A group of the UK’s top challenger banks have left themselves vulnerable to terrorist financing, money laundering and fraud due to weak financial controls, the city watchdog has warned.
In a fresh report released today, the Financial Conduct Authority said that six UK challenger banks were conducting lacklustre checks when taking on customers, including failing to verify customers’ income and occupation, which were opening the door to financial crime.
Challenger banks like Monzo and Starling have snapped up huge customer numbers in the past ten years with smarter digital offerings for customers and more up-to-date IT systems.
But the unnamed group of banks called out in the report, primarily consisting of digital banks with a customer base of eight million, have fallen short on customer protection, the FCA said.
“Challenger banks are an important part of the UK’s retail banking offering. However, there cannot be a trade-off between quick and easy account opening and robust financial crime controls,” Sarah Pritchard, Executive Director, Markets at the FCA said.
“Challenger banks should consider the findings of this review and continue enhancing their own financial crime systems to prevent harm.”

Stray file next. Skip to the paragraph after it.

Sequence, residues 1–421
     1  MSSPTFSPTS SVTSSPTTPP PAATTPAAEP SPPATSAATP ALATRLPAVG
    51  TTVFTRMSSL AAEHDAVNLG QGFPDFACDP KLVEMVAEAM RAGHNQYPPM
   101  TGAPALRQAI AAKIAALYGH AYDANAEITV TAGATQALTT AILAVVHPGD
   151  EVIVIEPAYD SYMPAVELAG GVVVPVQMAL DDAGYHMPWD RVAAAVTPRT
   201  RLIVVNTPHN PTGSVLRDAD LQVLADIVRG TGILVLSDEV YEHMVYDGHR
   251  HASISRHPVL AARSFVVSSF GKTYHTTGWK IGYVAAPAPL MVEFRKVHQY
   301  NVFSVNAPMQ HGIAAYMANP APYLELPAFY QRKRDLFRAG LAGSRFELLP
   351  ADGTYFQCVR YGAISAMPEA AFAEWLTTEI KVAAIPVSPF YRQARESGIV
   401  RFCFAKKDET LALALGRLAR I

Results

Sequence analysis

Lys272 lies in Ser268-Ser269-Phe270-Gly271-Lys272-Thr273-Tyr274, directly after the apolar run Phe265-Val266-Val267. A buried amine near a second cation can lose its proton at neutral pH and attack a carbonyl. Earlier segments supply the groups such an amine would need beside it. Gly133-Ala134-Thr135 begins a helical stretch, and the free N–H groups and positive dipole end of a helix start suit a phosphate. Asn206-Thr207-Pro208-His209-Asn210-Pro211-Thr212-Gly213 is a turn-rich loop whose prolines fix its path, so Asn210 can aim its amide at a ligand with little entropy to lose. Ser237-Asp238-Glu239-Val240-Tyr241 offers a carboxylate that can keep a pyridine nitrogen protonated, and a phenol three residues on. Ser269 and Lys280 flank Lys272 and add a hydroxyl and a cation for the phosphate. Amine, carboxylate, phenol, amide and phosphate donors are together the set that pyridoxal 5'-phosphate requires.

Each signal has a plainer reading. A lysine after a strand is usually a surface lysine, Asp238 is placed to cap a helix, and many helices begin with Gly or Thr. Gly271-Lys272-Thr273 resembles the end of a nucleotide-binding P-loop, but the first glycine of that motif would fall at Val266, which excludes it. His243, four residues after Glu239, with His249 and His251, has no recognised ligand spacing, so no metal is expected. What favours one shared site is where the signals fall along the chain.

Light-touch checks and fast track customer onboarding were potentially exposing the firms to money laundering and terrorist financing, the FCA warned.
The scathing report follows warnings in 2020 from the National Risk Assessment of money laundering and terrorist financing (NRA) that criminals may exploit fast onboarding processes when setting up “money mule” networks, which are used to launder cash payments between criminals.
The NRA warnings spurred the watchdog to conduct a review of systems in 2021 which identified a spike in the number of Suspicious Activity Reports reported by challenger banks.
The banks have now been urged by the FCA to tighten due diligence processes and customer risk assessments, as well as ensuring they adapt to the fresh risk of sanctions evasion.
Head of regulatory affairs at anti-fraud software firm Encompass, Dr Henry Balani, said compliance processes at challenger banks had not always kept pace with their rapid growth.
“Dealing with increased volumes of customers and transactions while expanding into new markets has added complexity to anti-financial crime initiatives,” he said.
“Challenger banks have a reputation for being digitally advanced, but the need to maintain high levels of customer growth, while managing increasing financial crime risks, requires continued innovation.”